Those who take up residence in Great Britain may continue to use their ordinary EC licence which remains valid until their 70th birthday or, if aged 67 or above, 3 years after becoming resident. An EC licence issued in another EC or EAA country in exchange for a non-EEA licence is valid for driving in GB for 12 months only. See Register of Community Licence holders. If a holder wants to drive other classes of vehicle as a provisional licence holder they can send their licence to DVLA for a counterpart which will then give the same provisional entitlements as a UK licence.
Vocational licence holders who take up residence in Great Britain must by law register their details with DVLA.
Vocational, LGV and PCV, licences remain valid until:
- if under 45 years age - 46th birthday or within 5 years of becoming resident whichever is later.
- if 45-60 years age - 66th birthday or within 5 years of becoming resident whichever is earlier.
- if over 65 years age - 1 year after becoming resident.
Register of Community Licence holders
Holders of Community licences with vocational entitlement who live in Great Britain must by law register their details with DVLA. Drivers of small vehicles may register also, if they wish.
To register, drivers should notify DVLA of their name, address and driving entitlement. Drivers who register will receive their licence back together with a UK counterpart document. This would enable them to take advantage of the fixed penalty system for road traffic offences instead of having to go to court.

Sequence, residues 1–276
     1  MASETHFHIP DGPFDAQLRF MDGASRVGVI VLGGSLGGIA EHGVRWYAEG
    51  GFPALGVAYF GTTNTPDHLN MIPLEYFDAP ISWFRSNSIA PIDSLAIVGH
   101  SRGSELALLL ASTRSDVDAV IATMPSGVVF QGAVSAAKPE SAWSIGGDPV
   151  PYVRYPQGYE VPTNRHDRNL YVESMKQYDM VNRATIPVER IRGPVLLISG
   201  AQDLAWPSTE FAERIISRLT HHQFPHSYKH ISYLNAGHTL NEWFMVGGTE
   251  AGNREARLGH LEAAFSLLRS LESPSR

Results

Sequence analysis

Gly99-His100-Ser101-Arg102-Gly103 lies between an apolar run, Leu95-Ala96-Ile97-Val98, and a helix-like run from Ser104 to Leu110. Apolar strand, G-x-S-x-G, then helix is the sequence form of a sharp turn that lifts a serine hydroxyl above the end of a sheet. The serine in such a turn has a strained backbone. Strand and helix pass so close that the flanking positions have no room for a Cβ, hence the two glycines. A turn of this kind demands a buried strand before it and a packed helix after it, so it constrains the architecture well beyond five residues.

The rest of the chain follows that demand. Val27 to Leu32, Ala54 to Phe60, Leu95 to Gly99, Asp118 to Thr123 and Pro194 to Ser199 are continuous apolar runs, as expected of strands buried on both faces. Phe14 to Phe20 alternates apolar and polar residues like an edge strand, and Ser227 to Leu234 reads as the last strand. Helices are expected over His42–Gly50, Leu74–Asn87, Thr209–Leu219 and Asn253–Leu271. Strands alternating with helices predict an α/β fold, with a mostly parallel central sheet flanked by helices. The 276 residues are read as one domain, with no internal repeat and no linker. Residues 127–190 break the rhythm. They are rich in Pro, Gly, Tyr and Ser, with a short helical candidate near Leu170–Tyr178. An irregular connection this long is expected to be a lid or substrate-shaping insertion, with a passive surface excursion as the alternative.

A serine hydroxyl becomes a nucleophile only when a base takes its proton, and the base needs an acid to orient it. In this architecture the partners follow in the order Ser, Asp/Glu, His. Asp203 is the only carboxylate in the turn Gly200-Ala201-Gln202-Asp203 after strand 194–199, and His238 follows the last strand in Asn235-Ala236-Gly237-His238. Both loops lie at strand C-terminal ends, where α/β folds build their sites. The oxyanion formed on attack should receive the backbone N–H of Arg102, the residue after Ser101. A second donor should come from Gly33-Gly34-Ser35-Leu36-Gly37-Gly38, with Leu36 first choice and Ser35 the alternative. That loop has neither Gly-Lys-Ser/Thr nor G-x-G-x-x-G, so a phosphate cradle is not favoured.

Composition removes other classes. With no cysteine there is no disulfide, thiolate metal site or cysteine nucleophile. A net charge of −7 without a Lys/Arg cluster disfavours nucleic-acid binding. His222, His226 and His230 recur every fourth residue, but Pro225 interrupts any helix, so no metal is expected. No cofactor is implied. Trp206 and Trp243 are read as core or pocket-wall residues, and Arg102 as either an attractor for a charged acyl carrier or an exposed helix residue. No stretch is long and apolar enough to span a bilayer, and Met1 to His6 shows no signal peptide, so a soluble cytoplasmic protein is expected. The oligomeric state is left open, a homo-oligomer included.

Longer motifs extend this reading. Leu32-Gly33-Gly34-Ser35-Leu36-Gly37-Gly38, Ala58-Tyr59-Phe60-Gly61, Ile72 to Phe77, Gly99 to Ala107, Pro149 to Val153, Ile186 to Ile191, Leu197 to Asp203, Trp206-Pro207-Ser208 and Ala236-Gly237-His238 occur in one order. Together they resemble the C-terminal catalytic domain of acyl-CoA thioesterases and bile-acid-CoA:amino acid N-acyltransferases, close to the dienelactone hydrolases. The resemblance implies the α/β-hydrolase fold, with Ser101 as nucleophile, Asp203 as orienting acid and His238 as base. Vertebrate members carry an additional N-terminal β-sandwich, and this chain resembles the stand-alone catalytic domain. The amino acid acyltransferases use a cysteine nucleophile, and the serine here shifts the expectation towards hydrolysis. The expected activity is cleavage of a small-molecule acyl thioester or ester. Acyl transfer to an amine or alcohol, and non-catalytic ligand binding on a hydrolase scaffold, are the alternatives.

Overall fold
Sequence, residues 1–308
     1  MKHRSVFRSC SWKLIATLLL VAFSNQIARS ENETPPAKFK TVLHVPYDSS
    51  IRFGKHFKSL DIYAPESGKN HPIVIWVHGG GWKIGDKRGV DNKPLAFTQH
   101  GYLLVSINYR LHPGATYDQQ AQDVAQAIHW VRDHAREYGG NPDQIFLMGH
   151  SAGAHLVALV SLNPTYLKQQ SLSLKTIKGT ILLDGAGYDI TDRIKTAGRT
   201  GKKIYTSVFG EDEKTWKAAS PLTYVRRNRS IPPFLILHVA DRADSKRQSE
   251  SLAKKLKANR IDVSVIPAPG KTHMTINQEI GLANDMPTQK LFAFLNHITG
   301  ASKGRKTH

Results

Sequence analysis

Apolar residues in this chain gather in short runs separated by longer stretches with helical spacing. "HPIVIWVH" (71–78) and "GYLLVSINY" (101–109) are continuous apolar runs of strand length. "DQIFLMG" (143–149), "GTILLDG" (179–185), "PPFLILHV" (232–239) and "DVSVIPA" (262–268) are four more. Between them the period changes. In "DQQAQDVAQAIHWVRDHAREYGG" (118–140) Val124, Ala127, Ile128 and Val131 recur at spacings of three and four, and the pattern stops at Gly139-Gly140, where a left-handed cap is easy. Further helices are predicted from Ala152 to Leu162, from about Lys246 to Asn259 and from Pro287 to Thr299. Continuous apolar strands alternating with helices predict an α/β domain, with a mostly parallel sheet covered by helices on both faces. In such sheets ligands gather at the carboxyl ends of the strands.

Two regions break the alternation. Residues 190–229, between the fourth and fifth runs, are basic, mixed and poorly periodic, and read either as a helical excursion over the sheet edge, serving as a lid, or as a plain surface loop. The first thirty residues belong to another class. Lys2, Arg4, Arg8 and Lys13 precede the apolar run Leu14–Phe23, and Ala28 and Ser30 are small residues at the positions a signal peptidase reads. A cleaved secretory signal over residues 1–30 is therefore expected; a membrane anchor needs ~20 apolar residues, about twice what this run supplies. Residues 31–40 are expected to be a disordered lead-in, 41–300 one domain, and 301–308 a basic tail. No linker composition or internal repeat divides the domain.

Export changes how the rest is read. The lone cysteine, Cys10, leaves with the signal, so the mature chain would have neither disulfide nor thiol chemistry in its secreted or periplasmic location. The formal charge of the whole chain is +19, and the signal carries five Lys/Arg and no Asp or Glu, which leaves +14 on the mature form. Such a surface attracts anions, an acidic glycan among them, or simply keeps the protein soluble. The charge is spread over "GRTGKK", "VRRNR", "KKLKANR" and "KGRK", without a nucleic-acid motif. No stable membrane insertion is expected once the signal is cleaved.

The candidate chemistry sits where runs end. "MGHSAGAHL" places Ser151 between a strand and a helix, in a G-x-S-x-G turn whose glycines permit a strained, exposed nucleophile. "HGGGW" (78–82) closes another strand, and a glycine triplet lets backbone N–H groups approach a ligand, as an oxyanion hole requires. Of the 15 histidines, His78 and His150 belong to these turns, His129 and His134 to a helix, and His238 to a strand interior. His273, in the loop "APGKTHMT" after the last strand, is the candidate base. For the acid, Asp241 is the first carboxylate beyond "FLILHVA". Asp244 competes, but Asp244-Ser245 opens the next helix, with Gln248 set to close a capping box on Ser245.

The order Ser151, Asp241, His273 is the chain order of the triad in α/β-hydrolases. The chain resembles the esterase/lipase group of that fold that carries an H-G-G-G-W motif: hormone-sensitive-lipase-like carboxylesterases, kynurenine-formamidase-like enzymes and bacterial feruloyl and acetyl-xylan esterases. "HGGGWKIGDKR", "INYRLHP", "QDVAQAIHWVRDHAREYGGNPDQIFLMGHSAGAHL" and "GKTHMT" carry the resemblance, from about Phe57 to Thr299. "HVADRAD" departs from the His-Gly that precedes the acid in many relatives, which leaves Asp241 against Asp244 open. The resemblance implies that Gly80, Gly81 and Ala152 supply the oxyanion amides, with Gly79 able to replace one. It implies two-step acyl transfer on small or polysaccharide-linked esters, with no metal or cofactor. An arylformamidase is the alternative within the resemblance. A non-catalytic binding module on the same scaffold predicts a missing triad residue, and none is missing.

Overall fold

List of EC and EEA Countries.
European Economic Area (EEA)
All the EC Countries
Reminder: Switzerland is not a member of the European Union.
Resident's EC licences can be endorsed by British courts and a counterpart will be issued. Holders are subject to the same medical and, for vocational licences, conduct requirements as a UK licence holder.
Foreign licence holders, even if they are resident, will not be able to take advantage of endorsable fixed penalty notices unless a UK counterpart or an exchange licence is held and any such notices issued will normally be referred to the courts.
If you are a visitor or resident in Great Britain (GB) and still have a driving licence issued in the country you have come from, there are certain conditions that affect how long you can drive, and what you can drive in GB.
Northern Ireland (NI)
You can exchange a full NI driving licence for a full GB licence or you can use your licence here until it runs out. When your licence expires you may apply for a GB licence. A NI ordinary licence may be exchanged provided it was issued on or after 1 January 1976.
A vocational licence may be exchanged if issued on or after 1 April 1986. You may take a driving test in GB using your NI provisional or full licence if this gives the appropriate entitlement. The Driver and Vehicle Licensing Agency (DVLA) cannot register an address in England, Scotland or Wales on to a NI licence.
Isle of Man, Jersey, Guernsey
If you are a visitor in GB and provided your full ordinary licence remains valid, you can drive any category of vehicle shown on your licence for 12 months. If you are the holder of a vocational licence, you can drive British registered, or vehicles registered outside GB that you have driven into the country, for a period up to 12 months.